On the contrary Roger, Feynman had to allow time to flow backwards for some particles in order to complete his Quantum ElectroDynamics QED theory.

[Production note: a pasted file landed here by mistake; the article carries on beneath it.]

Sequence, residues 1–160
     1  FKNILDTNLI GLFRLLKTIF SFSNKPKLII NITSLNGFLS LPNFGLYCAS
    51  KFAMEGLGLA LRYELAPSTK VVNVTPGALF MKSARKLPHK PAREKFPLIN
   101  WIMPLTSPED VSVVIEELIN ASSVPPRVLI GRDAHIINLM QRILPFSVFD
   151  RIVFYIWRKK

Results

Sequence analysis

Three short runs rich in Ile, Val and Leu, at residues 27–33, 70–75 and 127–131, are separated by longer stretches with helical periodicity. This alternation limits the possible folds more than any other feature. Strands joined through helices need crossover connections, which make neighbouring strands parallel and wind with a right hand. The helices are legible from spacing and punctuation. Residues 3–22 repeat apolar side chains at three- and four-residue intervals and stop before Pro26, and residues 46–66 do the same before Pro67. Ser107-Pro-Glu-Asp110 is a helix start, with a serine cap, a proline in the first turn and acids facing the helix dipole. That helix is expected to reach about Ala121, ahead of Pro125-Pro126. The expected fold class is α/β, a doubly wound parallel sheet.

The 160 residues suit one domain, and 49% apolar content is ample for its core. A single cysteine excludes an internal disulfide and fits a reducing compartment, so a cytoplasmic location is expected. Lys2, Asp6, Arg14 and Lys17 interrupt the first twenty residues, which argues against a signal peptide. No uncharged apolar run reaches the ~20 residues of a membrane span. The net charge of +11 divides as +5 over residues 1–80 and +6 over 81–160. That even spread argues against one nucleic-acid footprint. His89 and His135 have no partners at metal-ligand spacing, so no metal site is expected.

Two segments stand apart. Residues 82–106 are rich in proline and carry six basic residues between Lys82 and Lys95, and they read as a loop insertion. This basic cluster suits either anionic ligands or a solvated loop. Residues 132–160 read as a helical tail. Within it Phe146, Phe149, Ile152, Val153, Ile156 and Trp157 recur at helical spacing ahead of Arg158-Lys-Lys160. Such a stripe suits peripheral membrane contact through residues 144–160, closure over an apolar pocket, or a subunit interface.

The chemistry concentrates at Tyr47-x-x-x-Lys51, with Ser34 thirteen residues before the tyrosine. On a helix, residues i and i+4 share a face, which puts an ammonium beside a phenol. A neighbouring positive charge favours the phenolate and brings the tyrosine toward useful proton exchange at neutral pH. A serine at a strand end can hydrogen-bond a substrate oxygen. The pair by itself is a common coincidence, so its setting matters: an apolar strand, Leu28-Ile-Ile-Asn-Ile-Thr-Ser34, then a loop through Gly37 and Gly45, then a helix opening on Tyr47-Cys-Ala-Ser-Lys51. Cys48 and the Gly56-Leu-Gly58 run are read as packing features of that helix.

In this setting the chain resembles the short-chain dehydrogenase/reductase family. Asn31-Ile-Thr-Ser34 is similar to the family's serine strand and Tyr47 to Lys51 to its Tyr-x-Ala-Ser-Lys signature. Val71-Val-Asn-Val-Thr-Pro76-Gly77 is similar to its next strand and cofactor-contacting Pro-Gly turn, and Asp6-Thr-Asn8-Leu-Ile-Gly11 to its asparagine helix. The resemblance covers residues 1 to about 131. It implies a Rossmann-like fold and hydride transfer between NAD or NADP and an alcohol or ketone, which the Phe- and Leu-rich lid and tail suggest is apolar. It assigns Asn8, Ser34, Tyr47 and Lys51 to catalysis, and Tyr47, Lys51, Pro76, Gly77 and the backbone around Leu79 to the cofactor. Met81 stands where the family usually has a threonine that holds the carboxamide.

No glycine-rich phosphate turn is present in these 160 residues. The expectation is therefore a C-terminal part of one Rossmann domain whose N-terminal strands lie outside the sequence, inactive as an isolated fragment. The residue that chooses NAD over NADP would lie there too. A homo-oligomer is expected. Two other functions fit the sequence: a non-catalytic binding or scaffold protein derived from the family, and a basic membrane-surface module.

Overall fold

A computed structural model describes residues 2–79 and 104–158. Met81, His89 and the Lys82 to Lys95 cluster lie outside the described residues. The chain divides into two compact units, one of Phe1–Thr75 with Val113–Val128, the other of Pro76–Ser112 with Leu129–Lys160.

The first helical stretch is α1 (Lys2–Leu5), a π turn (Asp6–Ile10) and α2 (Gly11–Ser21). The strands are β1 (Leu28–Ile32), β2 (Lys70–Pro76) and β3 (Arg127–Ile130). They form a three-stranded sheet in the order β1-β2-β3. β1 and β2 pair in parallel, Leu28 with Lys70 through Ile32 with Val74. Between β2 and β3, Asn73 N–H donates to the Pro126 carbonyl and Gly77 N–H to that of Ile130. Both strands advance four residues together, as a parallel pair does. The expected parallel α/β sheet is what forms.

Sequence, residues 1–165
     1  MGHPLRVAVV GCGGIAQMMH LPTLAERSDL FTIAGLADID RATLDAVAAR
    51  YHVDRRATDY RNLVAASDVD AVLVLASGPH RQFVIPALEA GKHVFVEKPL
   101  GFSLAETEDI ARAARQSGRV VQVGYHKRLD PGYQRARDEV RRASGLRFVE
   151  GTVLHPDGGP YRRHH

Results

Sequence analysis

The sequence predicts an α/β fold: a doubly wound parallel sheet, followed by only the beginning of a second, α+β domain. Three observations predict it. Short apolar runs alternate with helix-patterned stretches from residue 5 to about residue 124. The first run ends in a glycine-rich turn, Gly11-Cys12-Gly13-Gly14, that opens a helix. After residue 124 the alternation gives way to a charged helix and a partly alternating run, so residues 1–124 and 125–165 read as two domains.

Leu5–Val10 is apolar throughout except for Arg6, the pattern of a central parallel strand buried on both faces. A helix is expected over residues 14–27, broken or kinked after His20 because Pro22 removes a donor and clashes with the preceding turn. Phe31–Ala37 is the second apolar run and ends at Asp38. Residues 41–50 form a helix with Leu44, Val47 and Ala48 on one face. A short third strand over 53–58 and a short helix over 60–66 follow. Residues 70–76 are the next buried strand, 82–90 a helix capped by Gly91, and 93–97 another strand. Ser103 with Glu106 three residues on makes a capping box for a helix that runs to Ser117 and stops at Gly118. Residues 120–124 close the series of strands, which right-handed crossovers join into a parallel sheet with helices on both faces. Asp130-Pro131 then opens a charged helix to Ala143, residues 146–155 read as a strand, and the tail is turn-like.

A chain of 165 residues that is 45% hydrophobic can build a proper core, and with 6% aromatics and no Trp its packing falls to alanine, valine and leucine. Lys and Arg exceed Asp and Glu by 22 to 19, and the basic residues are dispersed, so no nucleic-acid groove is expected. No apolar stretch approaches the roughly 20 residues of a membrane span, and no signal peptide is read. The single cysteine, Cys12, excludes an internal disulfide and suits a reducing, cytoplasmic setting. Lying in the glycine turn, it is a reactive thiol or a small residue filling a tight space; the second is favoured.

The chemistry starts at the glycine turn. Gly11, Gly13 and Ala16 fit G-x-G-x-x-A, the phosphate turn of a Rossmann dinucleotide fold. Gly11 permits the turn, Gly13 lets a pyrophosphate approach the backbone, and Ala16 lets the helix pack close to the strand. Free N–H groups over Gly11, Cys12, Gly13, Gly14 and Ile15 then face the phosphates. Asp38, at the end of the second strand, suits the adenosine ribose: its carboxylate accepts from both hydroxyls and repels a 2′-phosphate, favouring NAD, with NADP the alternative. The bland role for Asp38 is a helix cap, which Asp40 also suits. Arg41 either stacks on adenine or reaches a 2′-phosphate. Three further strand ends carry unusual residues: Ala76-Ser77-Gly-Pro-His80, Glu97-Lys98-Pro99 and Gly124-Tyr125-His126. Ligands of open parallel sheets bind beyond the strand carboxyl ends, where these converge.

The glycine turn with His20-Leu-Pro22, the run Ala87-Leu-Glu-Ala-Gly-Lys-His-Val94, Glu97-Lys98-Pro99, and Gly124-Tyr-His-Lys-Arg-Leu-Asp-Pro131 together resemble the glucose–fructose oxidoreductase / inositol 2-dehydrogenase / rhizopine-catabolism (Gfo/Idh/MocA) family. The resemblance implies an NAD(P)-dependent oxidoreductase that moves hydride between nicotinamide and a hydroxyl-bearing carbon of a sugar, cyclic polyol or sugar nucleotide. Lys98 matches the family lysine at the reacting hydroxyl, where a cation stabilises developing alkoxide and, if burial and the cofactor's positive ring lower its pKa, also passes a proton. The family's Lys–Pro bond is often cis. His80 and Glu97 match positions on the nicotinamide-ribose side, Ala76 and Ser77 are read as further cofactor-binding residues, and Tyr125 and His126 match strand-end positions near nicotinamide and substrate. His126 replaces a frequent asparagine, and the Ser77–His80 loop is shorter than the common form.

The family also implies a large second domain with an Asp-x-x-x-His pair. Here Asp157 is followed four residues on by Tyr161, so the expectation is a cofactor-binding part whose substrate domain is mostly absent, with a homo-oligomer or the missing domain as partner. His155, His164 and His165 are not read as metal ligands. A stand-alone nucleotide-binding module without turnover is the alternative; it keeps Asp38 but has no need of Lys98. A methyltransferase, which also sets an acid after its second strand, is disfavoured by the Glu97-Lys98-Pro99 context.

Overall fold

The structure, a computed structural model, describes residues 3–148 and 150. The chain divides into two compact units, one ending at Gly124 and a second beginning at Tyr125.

On Fri, Oct 12, 2012 at 7:39 AM, Roger Clough <rclo...@verizon.net> wrote: > Hi Bruno Marchal > > Not all simulations that work in Platonia can work > down here in Contingia. For example, time in > principle can flow backward up there but it can not > flow backward down here.That's why > theories have to be tested. Simulation would > not always actually work. > > This does not seem to bode well for comp. > > > Roger Clough, rclo...@verizon.net > 10/12/2012 > "Forever is a long time, especially near the end." -Woody Allen > > > ----- Receiving the following content ----- > From: Bruno Marchal > Receiver: everything-list > Time: 2012-10-11, 11:08:04 > Subject: Re: Universe on a Chip > > > > > On 10 Oct 2012, at 20:22, Craig Weinberg wrote: > > > > > On Wednesday, October 10, 2012 12:14:44 PM UTC-4, Bruno Marchal wrote: > > > On 09 Oct 2012, at 19:03, Craig Weinberg wrote: > > > > > On Tuesday, October 9, 2012 11:04:51 AM UTC-4, Bruno Marchal wrote: > > > On 08 Oct 2012, at 22:38, Craig Weinberg wrote: > > > > > "If the universe were a simulation, would the constant speed of light > correspond to the clock speed driving the simulation? In other words, the ?PU > speed?? > As we are ?nside? the simulation, all attempts to measure the speed of the > simulation appear as a constant value. > > Light ?xecutes? (what we call ?ovement?) at one instruction per cycle. > > Any device we built to attempt to measure the speed of light is also inside > the simulation, so even though the ?utside? CPU clock could be changing > speed, we will always see it as the same constant value. > > A ?ycle? is how long it takes all the information in the universe to update > itself relative to each other. That is all the speed of light really is. The > speed of information updating in the universe? (more here > http://www.quora.com/Physics/If-the-universe-were-a-simulation-would-the-constant-speed-of-light-correspond-to-the-clock-speed-driving-the-simulation-In-other-words-the-CPU-speed?) > I can make the leap from CPU clock frequency to the speed of light in a > vacuum if I view light as an experienced event or energy state which occurs > local to matter rather than literally traveling through space. With this > view, the correlation between distance and latency is an organizational one, > governing sequence and priority of processing rather than the presumed > literal existence of racing light bodies (photons). > > This would be consistent with your model of Matrix-universe on a > meta-universal CPU in that light speed is simply the frequency at which the > computer processes raw bits. The change of light speed when propagating > through matter or gravitational fields etc wouldn? be especially consistent > with this model?hy would the ghost of a supernova slow down the cosmic > computer in one area of memory, etc? > > The model that I have been developing suggests however that the CPU model > would not lead to realism or significance though, and could only generate > unconscious data manipulations. In order to have symbol grounding in genuine > awareness, I think that instead of a CPU cranking away rendering the entire > cosmos over and over as a bulwark against nothingness, I think that the > cosmos must be rooted in stasis. Silence. Solitude. This is not nothingness > however, it is everythingness. A universal inertial frame which loses nothing > but rather continuously expands within itself by taking no action at all. > > The universe doesn? need to be racing to mechanically redraw the cosmos over > and over because what it has drawn already has no place to disappear to. It > can only seem to disappear through? > ? > ? > ? > latency. > > The universe as we know it then arises out of nested latencies. A > meta-diffraction of symmetrically juxtaposed latency-generating > methodologies. Size, scale, distance, mass, and density on the public side, > richness, depth, significance, and complexity on the private side. Through > these complications, the cosmic CPU is cast as a theoretical shadow, when the > deeper reality is that rather than zillions of cycles per second, the real > mainframe is the slowest possible computer. It can never complete even one > cycle. How can it, when it has all of these subroutines that need to complete > their cycles first? > ? > > > If the universe is a simulation (which it can't, by comp, but let us say), > then if the computer clock is changed, the internal creatures will not see > any difference. Indeed it is a way to understand that such a "time" does not > need to be actualized. Like in COMP and GR. > > > > I'm not sure how that relates to what I was saying about the universe arising > before even the first tick of the clock is finished, but we can talk about > this instead if you like. > > What you are saying, like what my friend up there was saying about the CPU > clock being invisible to the Sims, I have no problem with. That's why I was > saying it's like a computer game. You can stop the game, debug the program, > start it back up where you left off, and if there was a Sim person actually > experiencing that, they would not experience any interruption. Fine. > > The problem is the meanwhile you have this meta-universe which is doing the > computing, yes? What does it run on? > > > On the true number relations. > > > Indirectly on some false propositions too, as the meta-arithmetic, involving > false propositions/sentences belongs to arithmetic. > > Right, so the number relations don't require any meta-computation. Why then > do their progeny require number-relations? > > > > ? > > > To see movies, or to chat on the net perhaps. > > > Your question is a bit like why do Saturn needs rings? > > > > > > > > > > > > > > > > > > > If it doesn't need to run on anything, then way not just have that be the > universe in the first place? > > > > OK. > > > It is the arithmetical universe, or (I prefer) arithmetic truth. We cannot > really defined it. > > > You can call it God or Universe, but it is important to distinguish from the > physical reality, which is an internal emerging secondary structure, in the > comp setting. > > I am ok with secondary structure, and I think the same thing only that it has > to be that structure is secondary to sense (the capacity to experience + the > capacity to partially experience) rather than arithmetic, because I can see > why it would serve sense to invent numbers to help keep track of things but I > can't see why keeping-track-ness would bother to create experience. > > > Why not? It makes sense when the keeping-track-ness is done > self-referentially by the keeper tracker, in some environment, at some level > of description of itself. The study of the brain suggests such > self-represention, and computer science can study fixed point of such > self-representation, and they have, even when super-simplified, a rich, > un-bound-able mathematical complexity. > > > Why are you sure they can't have experience? They might disagree with you. > And somehow, using the most classical logic of knowledge, they already > disagree. Why not listen to them? > > > Many people argue against comp, up to the point they believe that they don't > have to study a bit of computer science. But you would study computer > science, you might perhaps find more deep argument against comp, instead of > begging the question by confusing the person (existing somehow with comp, and > rather well described for the case of simple L?ian machine) with the > crunching numbers machine physically conceived. > > > You defend a reductionist conception on numbers that the existence of the > universal numbers already refute. And the L?ian numbers already know that > (meaning: the person associated to such numbers know that relatively to its > most probable universal environment/computation/dream). > > > Bruno > > > > > > > http://iridia.ulb.ac.be/~marchal/ > > -- > You received this message because you are subscribed to the Google Groups > "Everything List" group. > To post to this group, send email to firstname.lastname@example.org. > To unsubscribe from this group, send email to > everything-list+unsubscr...@googlegroups.com. > For more options, visit this group at > http://groups.google.com/group/everything-list?hl=en. > -- You received this message because you are subscribed to the Google Groups "Everything List" group. To post to this group, send email to email@example.com. To unsubscribe from this group, send email to everything-list+unsubscr...@googlegroups.com. For more options, visit this group at http://groups.google.com/group/everything-list?hl=en.